Looking back, I realized that I had blurry vision in my right eye after practice one night. This was months prior to the stroke. I did mention this to a teammate once, but I brushed it off as a small concussion. I can’t remember how long before the stroke these symptoms started to occur, but I do remember that just days before the stroke, I had a sore throat and flu-like symptoms. Almost like a little bug. Either way, the clot on my carotid artery was there before the North/South choke I was stuck in while training with my teammate, Rob Smith, from Milwaukee. I did not tap out because I was breathing, and I thought that I could have gotten out of the choke if he adjusted his body and gave me some room to move. I will say, though, during the months prior to the stroke, I practiced a significant amount of back-take drills and choke transitions from the back-take.
Now, I think it is very likely that the amount of chokes and choke escape transitions during the month before my stroke caused the damage to develop. It, most likely, never fully healed because of ongoing damage and manipulation.
My doctors did not know how long the clot was on my carotid artery. There was no way to tell. However, the clot was very large, which could have meant that the clot was there for a while.
The doctors told me that “the big clot had been sitting on the carotid for some time before the accident. It was so large, the doctor said it was still there, even in post-surgery photos. Since the clot was still present after my surgery, they decided to put a stent in to prevent the clot from going back to the brain.”
According to my doctor, the clot was so large that even after my surgery, they had to put a stent in my carotid artery because there was still a large part of it there.
In an article released by the Journal of Cerebrovascular and Endovascular Neurosurgery, “only 2% of all strokes are from carotid artery dissection. However, dissection is the leading cause of stroke patients under the age of 45.”
As I explain in my article on the Medium, I am now very cautious when I practice jiu jitsu and I also train differently. “I treat my partners differently and make sure we are practicing our art while mitigating damage to the neck as best as we can, especially with kids!”
Also, two years after my stroke on the BJJ mat, I am almost fully recovered. I’m a healthy, 40-year-old athlete with no pre-existing condition, but I want to bring awareness about the dangers of the sport to the BJJ community.
At the end of my interview with Dwane, he started to reflect on his own symptoms, such as numbness in his shoulder and mouth. All of these signs that he had mentioned should have been checked before his stroke. If they were, the stroke could have been prevented. Additionally, Dwane also agrees that there should be more awareness brought to BJJ gyms, so that coaches and teammates know the signs and symptoms of a stroke.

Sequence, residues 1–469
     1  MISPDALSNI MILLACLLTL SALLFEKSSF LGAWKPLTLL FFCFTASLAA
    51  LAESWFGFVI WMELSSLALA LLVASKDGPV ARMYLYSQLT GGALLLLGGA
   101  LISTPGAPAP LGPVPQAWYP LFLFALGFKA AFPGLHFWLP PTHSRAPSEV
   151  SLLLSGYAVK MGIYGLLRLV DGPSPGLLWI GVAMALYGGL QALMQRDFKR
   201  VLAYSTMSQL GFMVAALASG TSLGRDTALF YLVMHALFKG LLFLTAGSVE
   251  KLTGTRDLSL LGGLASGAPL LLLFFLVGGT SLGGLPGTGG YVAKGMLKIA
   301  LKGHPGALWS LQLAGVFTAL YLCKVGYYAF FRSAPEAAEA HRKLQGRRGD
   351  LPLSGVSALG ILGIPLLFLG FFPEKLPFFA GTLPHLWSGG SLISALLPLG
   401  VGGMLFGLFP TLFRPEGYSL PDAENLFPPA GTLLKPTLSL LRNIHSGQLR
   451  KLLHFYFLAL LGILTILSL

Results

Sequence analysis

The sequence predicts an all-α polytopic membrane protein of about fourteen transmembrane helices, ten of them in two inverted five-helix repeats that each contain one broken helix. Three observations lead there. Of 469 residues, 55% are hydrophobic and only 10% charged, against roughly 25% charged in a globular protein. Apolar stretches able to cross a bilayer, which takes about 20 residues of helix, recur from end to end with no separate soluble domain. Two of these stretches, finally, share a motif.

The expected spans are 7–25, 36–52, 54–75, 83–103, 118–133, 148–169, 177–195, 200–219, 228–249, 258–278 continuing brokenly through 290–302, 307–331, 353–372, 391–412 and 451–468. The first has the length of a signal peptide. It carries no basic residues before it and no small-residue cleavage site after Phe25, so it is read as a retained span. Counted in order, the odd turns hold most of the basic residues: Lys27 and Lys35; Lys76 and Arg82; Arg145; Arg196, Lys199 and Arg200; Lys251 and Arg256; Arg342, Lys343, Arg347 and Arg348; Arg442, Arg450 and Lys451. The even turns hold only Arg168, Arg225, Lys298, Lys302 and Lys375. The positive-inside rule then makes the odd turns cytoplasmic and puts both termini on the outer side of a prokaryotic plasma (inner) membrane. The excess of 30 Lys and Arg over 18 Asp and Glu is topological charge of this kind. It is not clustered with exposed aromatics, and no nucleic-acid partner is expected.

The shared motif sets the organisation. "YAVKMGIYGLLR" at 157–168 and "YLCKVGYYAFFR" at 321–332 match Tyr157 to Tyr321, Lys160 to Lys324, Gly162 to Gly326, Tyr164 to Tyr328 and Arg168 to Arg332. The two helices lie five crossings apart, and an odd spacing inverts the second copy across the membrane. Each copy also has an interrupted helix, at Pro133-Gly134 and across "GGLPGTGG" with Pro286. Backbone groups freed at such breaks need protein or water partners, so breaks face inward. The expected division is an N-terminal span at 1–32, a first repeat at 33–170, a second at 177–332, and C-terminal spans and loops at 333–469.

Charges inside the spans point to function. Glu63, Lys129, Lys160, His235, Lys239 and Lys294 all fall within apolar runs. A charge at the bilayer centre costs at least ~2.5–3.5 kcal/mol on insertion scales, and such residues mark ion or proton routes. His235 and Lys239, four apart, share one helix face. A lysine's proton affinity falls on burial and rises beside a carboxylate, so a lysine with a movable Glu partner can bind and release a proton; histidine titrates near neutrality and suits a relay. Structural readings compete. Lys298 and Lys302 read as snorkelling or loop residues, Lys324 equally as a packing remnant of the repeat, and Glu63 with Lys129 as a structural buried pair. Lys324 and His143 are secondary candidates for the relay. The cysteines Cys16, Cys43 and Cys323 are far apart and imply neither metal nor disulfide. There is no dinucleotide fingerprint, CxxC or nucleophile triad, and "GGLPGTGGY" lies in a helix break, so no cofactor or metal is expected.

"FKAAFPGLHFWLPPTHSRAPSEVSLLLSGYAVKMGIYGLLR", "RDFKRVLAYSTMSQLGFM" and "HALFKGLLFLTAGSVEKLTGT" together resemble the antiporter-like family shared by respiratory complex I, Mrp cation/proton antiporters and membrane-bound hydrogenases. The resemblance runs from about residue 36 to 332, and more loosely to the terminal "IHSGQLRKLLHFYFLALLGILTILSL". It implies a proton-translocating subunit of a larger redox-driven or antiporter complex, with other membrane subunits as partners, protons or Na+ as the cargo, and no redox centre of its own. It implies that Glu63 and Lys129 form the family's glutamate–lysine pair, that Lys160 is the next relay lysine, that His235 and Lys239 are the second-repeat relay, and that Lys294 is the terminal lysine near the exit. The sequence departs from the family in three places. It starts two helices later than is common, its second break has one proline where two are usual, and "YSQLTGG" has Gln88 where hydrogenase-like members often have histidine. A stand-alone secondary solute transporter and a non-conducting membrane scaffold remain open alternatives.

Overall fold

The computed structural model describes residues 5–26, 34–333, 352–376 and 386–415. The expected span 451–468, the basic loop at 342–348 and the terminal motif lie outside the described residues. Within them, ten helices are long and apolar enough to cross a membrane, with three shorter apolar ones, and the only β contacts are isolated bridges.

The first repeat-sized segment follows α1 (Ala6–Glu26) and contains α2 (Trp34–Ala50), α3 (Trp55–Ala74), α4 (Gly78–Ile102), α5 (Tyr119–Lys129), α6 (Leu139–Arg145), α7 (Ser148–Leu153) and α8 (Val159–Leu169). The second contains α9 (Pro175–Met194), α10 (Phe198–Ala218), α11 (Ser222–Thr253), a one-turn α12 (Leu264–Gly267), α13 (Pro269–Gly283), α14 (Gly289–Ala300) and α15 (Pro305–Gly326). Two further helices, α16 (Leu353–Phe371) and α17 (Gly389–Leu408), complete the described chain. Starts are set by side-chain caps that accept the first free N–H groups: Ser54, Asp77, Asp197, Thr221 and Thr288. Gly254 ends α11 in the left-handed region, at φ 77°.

In conclusion, after finishing my interview with Dwane, I realized that:
- It is absolutely imperative that everyone on the mat needs to know the signs of a stroke. This is happening more often, and it could happen to someone in your own gym. If we are going to continue these choking drills, we need to have more awareness. A number of BJJ coaches and athletes have NO idea that this can happen to BJJ athletes all over the world.
- As I have mentioned in my other podcasts and interviews, many of these stories I hear from other jiu jitsu practitioners have them brushing off some of the signs of the strokes (like forgetting their partner’s name, dehydrated, fatigued, and feeling over-trained). Most of these athletes thought that these signs would just go away if the went home and “slept it off”. But this is also one of the worst things you could do during a stroke, mini or large. Dwane’s teammates did the right thing by calling 911 once they recognized the symptoms.
- Dissections in young adults are also hard to detect, even with modern imaging technology. In fact, many times, a dissection is misdiagnosed and not treated properly by doctors and hospitals.
This year, a number of BJJ stroke survivors created a Facebook support group for other members of the BJJ community, who want to connect for support and advice.
On April 18, 2019, a member of the group who wished to be anonymous asked the other members:
“It’s interesting, none of my instructors, including the ones who have been training for over 20 years, had heard of an arterial dissection and/or stroke from BJJ prior to my incident this past December. I wonder if (or do you think) there are more arterial dissections that go undiagnosed or if it’s under reported. My stroke happened a month after my initial vertebral artery dissection. By the time they caught my dissection (because it was misdiagnosed at the ER initially), I had already had a stroke but the artery was healing itself enough that they did not need to stent it. I was in a lot of pain for over a month which is why they did the MRI, otherwise who knows when/if I would have figured out that I had the dissection. Our human anatomy hasn’t changed since the advent of BJJ, many dissections are attributed to neck manipulation from chiropractics and “sports,” but it seems like the reported BJJ dissections is a newer phenomenon. What do you think?”